It may be sour grapes, but what Van Noy has said, and left unsaid, about his brief dalliance in Miami doesn't reflect well on Flores, either. Let's just say it's fair to have your antennas up a bit with this stuff, and Van Noy's speedy retreat back to Foxborough adds some spice to this rivalry and keeps the Dolphins' odd year with him under the microscope moving forward. So, it's hardly been all roses and chocolates to this point, some feelings have been hurt and mistakes have certainly been made.

"If you go back and look at everything they did last year – draft included – it's not like they are hitting home runs," said one team executive who has done business with the Dolphins. "Does the coach like Tua as much as the GM? Is everyone fully invested in that? Because it didn't always look like it with how they yanked him around. A lot of the guys they signed (last March) are gone, and those three first round picks have a lot to prove. If you use Fitzpatrick the right way (able to range as a ballhawk) on his rookie contract, do you have to spend all that money on corners?"

Another executive said: "They get a lot of positive headlines from you guys (the media), but how good is that roster right now? How many do-overs would they want?"

And now comes the hardest part. Finding the right player and the right fits when you are expected to start contending.

The Dolphins currently have 13 picks in the first three rounds over the next three drafts. Yeah, read that last sentence again. Pretty staggering. They hold the sixth and 18th pick this year, and two picks in the second round (36 and 50), and one in the third round. Four picks in the top 50 is where you want to be, although this draft is fraught with a little more peril and ambiguity given the massive scouting restrictions that were in place and the very limited sample size of games for many prospects (including many opting out entirely).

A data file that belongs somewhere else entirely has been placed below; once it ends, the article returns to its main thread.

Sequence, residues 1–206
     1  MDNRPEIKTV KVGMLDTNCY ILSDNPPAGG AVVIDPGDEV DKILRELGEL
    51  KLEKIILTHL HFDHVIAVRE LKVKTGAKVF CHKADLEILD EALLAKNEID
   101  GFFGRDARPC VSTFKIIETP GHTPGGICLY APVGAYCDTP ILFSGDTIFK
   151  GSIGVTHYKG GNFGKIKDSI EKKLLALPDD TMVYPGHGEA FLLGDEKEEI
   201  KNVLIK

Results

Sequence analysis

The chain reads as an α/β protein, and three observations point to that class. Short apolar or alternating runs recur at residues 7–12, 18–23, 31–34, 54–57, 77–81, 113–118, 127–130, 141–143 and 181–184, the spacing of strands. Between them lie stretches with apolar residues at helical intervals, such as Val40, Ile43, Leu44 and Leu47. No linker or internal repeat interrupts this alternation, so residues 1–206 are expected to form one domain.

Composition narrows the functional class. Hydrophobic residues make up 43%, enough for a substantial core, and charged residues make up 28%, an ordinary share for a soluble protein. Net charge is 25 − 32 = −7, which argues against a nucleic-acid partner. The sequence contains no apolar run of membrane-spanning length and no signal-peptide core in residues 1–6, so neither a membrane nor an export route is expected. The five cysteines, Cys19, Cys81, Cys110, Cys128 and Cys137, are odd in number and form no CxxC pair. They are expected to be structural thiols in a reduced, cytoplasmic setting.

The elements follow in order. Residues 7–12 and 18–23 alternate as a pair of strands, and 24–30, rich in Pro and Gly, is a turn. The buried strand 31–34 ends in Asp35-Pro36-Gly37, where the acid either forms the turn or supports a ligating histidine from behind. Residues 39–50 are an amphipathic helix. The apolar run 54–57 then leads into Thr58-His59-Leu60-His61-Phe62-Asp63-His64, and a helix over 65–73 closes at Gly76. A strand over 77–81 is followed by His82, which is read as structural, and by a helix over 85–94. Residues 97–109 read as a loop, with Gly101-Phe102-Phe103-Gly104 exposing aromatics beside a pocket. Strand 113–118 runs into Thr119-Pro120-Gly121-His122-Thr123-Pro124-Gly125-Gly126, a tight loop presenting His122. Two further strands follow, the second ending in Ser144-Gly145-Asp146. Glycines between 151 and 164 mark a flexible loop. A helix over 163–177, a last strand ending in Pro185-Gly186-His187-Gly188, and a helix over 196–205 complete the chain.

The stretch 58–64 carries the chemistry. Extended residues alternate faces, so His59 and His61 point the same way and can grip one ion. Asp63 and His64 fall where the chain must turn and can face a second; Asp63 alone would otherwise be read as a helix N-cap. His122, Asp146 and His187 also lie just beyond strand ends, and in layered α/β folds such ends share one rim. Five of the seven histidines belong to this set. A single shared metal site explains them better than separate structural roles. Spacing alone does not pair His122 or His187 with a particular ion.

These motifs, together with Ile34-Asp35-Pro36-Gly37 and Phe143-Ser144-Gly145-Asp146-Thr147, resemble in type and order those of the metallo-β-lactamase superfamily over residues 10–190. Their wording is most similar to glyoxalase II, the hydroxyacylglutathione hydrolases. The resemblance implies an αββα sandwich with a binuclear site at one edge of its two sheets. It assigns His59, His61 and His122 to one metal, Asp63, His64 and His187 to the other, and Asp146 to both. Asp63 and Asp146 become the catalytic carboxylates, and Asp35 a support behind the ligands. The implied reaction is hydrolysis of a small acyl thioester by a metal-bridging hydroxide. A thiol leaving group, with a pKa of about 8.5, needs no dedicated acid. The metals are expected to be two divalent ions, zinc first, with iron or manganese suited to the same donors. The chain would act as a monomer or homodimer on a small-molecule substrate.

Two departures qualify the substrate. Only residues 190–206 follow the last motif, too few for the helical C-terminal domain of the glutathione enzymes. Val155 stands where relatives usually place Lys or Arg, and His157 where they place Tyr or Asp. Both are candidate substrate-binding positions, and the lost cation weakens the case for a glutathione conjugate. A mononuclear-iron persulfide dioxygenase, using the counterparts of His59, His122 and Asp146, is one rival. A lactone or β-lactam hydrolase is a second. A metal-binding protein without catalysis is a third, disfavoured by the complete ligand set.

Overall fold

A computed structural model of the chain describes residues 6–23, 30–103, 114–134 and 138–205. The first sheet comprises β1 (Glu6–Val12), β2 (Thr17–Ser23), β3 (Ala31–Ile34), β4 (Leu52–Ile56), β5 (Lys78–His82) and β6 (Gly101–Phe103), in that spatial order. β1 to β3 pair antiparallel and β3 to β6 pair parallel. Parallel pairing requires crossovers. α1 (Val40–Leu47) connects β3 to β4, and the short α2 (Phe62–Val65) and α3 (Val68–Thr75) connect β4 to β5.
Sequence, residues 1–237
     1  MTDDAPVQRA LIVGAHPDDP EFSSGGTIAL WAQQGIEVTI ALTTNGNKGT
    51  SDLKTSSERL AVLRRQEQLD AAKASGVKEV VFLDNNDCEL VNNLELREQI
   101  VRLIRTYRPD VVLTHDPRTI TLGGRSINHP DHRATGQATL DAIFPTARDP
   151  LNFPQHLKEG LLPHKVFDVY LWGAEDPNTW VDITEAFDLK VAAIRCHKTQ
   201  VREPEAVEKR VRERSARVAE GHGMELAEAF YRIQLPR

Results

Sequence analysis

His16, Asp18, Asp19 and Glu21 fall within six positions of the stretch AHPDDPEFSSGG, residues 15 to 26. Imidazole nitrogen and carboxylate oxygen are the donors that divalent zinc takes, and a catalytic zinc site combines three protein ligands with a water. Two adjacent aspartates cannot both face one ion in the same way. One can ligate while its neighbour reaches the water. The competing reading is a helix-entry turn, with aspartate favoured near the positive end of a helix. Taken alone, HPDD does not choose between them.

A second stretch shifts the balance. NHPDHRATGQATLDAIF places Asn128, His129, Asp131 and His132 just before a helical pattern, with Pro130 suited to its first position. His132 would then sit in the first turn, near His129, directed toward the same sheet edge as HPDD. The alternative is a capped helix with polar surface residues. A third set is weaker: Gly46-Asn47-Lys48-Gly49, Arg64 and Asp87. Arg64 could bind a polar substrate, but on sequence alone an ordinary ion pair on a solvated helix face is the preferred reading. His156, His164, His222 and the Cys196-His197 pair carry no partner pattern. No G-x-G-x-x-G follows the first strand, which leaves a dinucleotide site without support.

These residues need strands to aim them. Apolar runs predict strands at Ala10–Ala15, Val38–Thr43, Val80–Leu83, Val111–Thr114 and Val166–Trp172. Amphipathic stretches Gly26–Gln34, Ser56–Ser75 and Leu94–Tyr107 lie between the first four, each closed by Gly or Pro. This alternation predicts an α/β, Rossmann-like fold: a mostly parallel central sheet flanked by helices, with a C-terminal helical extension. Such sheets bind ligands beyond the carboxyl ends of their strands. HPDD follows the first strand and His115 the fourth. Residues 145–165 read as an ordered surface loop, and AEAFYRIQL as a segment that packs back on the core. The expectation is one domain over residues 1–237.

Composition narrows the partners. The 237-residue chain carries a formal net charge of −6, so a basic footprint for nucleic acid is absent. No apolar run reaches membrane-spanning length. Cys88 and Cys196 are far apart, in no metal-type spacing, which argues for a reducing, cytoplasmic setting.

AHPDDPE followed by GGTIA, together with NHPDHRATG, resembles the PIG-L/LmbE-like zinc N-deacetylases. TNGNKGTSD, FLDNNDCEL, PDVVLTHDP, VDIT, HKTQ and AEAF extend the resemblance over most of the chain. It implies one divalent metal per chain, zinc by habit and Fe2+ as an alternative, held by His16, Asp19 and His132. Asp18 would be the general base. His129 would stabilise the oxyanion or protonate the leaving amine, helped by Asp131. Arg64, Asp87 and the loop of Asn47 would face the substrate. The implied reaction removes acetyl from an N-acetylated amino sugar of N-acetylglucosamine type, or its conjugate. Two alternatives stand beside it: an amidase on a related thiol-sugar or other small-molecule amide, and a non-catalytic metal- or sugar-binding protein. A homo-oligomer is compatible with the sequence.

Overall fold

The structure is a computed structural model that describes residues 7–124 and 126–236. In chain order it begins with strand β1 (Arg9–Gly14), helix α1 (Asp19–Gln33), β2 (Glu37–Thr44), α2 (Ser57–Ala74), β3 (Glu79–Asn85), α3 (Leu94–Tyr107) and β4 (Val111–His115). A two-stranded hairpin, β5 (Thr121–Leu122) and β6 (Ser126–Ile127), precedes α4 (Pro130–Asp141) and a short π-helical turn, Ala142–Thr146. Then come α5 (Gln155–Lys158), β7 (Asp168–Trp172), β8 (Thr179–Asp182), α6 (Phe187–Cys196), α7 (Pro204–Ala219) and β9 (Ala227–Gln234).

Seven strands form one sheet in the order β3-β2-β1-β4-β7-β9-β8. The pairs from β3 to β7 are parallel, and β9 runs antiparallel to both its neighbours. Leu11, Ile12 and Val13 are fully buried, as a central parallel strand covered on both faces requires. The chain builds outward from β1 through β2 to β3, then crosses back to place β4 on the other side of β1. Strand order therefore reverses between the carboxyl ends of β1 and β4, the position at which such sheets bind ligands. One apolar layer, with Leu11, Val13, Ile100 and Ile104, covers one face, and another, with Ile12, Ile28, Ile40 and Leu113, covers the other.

And, it's worth pointing out, I suppose, that the Dolphins have just one selection between picks 81 and 230, taking them almost out of day three of the draft entirely, where the best organizations do some of their best work.

Next year, Miami has the 49ers' first-round pick, one pick in the second round and two in the third round, and in 2023 they currently have two first-round picks, and one in each of the next two rounds. Of course, a lot could change between now and then with how this team flips picks. And, again, full marks to Grier for astutely managing all of this and getting in position to cash in.

But without all sides pulling together and without some stability in the coaching staff and approach, no amount of draft capital is enough. Merely revisit the several failed versions of this stuff that the Browns have attempted (before finally getting it right after constant front office and coaching churn), or go back and look at what the Rams turned all of those draft picks from the RG III trade into (more specifically, how little value they ultimately gleaned).

A full-scale rebuild is hardly foolproof, and there will be considerable heat on the Dolphins with expanded playoffs, and with some perennial AFC powerhouses like New England and Pittsburgh in transition (if not sliding), and others like Tennessee and Baltimore losing key talent in free agency. The spotlight will burn bright on this team, and its 2020 draft class, in particular, to lead a charge back to the postseason. And, with another odd staffing construct with two offensive coordinators, questions will continue to be asked of Flores as well.

The honeymoon, one suspects, is over (it's already quickly ended for several prominent coaches and players there), and results will be judged in the standings, and not the number of first round selections, moving forward.